Sophomore year in college, I met a bisexual woman named Sydney. I had little to no experience with anything other than heterosexuality, so she intrigued me. It crossed my mind occasionally what I would do if she came on to me sexually, if I would respond. But I just didn’t have those feelings. I like men. Just men. Sydney never made a pass. We were friends.
She introduced me to a friend of hers named John. He was very bright, talked fast about interesting things and was funny as hell. But he was punk.
I remember we went to see Roman Polanski’s Tess of the D’Urbervilles. He made some joke about Polanski’s penchant for underage girls which wouldn’t make sense to me for years.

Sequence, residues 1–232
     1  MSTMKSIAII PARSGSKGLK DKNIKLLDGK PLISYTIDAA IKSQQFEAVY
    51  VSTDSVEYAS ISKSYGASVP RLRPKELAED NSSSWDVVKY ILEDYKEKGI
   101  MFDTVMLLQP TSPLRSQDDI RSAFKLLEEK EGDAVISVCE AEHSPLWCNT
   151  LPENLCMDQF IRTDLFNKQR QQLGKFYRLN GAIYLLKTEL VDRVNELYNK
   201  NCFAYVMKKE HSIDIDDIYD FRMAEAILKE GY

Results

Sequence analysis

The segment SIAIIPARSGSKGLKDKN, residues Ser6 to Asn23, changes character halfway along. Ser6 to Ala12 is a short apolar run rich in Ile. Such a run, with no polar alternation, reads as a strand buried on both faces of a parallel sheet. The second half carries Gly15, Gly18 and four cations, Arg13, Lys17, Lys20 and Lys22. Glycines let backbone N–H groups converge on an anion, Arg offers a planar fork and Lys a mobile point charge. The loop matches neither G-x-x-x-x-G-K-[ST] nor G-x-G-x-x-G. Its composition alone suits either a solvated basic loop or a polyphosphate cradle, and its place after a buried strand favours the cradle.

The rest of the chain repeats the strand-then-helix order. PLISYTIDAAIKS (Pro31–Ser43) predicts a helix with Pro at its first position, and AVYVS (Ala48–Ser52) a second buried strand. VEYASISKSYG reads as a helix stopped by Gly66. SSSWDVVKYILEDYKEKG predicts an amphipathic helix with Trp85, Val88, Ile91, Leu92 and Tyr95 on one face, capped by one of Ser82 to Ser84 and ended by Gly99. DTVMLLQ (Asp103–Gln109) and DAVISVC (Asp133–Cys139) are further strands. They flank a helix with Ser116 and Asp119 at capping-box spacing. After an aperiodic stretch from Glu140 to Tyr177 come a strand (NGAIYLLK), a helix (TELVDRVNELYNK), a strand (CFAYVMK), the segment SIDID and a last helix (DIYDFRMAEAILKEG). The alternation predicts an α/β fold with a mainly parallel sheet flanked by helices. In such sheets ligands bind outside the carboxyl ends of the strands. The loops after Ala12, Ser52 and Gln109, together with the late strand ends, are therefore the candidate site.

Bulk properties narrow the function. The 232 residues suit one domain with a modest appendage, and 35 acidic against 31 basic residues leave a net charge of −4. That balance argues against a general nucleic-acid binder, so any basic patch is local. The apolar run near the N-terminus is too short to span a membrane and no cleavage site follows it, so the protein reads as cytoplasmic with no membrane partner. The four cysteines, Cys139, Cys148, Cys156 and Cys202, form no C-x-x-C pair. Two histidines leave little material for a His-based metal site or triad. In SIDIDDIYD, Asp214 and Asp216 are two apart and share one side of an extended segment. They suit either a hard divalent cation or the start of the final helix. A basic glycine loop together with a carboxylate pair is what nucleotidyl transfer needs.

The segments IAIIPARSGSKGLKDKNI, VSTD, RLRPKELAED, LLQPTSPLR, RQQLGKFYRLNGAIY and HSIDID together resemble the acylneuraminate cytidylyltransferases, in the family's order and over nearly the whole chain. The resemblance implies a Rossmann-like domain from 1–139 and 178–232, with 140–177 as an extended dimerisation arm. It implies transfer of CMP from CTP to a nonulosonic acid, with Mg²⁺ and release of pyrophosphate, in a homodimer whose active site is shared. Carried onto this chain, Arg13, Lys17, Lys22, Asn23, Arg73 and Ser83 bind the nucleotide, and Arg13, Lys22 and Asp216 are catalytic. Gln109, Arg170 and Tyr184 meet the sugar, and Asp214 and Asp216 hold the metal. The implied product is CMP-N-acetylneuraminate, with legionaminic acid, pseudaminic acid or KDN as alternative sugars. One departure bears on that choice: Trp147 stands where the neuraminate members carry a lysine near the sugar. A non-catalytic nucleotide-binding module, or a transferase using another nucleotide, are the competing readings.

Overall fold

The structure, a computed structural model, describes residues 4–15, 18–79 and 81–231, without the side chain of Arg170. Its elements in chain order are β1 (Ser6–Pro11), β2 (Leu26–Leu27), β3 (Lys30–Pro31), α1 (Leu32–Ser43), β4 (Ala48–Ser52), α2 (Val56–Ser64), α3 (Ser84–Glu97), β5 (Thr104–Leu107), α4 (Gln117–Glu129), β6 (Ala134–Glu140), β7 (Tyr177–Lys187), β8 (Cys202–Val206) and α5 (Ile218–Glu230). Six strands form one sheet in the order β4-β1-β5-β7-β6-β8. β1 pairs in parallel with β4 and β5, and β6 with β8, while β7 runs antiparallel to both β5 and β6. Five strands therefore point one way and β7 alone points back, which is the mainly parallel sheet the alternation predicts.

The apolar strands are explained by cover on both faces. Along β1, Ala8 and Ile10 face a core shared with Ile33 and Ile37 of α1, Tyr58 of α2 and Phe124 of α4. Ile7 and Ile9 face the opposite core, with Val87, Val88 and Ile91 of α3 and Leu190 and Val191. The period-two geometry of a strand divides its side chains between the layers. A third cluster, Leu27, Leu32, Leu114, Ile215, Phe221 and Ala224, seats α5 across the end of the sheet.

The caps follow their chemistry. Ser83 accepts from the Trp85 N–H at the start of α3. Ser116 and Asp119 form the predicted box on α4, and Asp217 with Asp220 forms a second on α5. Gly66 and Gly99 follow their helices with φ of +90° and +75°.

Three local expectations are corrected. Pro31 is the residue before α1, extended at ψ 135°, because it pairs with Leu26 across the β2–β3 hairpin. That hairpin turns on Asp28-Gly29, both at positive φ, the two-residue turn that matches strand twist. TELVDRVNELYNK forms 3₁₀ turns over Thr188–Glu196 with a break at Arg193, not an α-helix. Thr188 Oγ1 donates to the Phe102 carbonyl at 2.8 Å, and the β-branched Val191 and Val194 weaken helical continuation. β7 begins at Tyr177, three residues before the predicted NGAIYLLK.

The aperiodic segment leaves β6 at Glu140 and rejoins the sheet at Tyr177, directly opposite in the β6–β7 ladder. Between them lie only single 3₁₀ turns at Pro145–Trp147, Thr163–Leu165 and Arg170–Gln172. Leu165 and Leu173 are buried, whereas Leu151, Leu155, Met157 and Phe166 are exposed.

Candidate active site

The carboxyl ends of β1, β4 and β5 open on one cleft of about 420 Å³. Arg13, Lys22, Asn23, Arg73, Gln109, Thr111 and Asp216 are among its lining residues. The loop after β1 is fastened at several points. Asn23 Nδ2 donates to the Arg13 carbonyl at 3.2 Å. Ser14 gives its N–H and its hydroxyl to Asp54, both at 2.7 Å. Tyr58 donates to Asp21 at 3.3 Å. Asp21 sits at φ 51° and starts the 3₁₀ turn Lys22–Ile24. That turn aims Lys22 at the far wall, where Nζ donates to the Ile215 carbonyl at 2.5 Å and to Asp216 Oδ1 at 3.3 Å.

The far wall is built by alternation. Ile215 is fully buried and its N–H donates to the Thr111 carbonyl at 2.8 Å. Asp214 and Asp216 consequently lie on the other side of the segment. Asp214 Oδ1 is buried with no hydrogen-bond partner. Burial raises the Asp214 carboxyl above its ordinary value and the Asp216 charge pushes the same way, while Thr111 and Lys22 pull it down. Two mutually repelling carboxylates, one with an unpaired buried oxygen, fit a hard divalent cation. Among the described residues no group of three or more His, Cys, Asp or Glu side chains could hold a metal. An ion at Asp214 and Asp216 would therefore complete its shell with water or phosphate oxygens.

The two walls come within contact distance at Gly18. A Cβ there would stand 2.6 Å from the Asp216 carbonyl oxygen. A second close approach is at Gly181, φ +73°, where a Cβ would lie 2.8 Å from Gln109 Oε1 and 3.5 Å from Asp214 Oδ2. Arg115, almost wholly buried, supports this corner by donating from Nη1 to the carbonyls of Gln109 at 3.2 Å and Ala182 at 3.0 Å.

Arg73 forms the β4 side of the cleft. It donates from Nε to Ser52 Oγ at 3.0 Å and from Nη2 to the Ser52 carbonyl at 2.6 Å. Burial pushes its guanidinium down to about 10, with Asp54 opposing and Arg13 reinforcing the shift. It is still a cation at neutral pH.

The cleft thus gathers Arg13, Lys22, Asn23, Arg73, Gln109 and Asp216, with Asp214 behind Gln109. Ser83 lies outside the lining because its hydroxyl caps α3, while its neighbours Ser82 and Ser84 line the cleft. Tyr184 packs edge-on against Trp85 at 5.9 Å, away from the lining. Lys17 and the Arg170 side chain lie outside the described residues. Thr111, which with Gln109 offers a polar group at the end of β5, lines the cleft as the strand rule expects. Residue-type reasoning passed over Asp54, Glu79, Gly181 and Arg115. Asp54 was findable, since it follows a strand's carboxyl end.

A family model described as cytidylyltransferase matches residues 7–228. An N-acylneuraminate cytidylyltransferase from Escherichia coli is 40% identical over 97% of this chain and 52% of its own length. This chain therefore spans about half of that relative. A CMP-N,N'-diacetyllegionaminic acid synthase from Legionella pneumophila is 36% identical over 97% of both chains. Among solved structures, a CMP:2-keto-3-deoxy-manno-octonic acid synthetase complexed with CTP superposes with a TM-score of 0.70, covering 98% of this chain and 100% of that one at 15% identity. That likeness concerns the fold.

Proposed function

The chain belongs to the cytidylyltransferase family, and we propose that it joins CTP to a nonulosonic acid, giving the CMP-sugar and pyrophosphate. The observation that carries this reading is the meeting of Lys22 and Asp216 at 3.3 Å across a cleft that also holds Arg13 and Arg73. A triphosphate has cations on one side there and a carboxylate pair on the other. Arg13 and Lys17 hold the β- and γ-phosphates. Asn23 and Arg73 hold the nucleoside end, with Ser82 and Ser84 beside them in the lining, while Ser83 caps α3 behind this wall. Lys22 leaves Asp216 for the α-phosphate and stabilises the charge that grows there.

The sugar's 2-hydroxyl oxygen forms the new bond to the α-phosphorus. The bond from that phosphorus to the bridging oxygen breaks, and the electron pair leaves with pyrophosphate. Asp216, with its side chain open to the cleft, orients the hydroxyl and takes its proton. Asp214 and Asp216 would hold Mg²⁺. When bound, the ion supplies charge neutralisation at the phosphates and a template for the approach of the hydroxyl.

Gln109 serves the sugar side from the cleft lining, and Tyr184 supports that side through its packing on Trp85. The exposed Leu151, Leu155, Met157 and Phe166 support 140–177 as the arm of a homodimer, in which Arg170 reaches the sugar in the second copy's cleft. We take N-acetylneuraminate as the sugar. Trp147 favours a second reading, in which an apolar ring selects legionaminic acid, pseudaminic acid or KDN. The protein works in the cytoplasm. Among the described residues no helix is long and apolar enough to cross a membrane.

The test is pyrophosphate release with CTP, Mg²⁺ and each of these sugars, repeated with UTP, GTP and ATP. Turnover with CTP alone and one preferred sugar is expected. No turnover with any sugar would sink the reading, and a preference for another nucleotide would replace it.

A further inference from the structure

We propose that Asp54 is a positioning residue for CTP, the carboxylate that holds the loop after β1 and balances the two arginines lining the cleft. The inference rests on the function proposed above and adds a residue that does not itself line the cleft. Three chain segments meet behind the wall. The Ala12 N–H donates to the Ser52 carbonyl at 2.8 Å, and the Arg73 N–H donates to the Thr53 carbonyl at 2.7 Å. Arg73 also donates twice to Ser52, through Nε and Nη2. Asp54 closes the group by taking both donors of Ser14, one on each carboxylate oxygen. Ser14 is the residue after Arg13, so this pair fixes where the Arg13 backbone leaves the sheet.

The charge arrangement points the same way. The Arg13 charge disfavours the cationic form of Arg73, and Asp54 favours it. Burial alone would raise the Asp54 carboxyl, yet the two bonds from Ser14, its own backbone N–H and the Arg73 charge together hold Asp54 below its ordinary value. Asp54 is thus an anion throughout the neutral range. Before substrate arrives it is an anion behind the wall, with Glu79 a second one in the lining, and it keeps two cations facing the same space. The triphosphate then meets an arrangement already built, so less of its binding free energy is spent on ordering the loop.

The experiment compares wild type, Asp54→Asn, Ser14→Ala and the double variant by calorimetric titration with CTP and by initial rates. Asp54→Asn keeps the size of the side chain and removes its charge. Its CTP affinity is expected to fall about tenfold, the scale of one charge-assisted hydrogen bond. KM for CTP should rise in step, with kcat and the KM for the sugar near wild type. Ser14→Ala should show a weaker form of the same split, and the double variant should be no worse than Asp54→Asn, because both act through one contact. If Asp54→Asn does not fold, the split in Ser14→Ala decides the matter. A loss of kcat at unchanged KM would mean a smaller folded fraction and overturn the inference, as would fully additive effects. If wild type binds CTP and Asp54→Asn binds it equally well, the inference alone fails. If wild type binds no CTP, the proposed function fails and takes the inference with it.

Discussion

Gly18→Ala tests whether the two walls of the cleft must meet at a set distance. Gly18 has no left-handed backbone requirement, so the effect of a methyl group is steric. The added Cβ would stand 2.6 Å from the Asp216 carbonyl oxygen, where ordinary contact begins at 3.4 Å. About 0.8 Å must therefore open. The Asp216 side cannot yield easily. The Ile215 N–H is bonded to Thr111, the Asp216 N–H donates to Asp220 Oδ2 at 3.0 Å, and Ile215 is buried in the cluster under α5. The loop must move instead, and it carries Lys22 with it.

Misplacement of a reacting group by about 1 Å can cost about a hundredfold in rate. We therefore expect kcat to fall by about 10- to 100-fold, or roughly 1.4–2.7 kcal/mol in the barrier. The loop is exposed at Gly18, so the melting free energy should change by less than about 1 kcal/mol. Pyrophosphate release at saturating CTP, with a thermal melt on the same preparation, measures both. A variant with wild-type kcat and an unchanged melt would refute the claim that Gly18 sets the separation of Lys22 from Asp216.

He was so incredibly sweet. He wore kelly green jeans and hi-top Vans. He was punk, but good boy punk, not angry punk. He would have been an excellent, kind, thoughtful, devoted, affectionate, loving boyfriend.
He worked at a sub shop on Lake City Way. One night he wrote me a long love letter on a cash register tape, handed it me rolled up. Who does that? Who does that? But I could not get past his kelly green jeans.
What a fickle short-sighted snob I was. The man wasn’t a diamond in the rough. He was a diamond.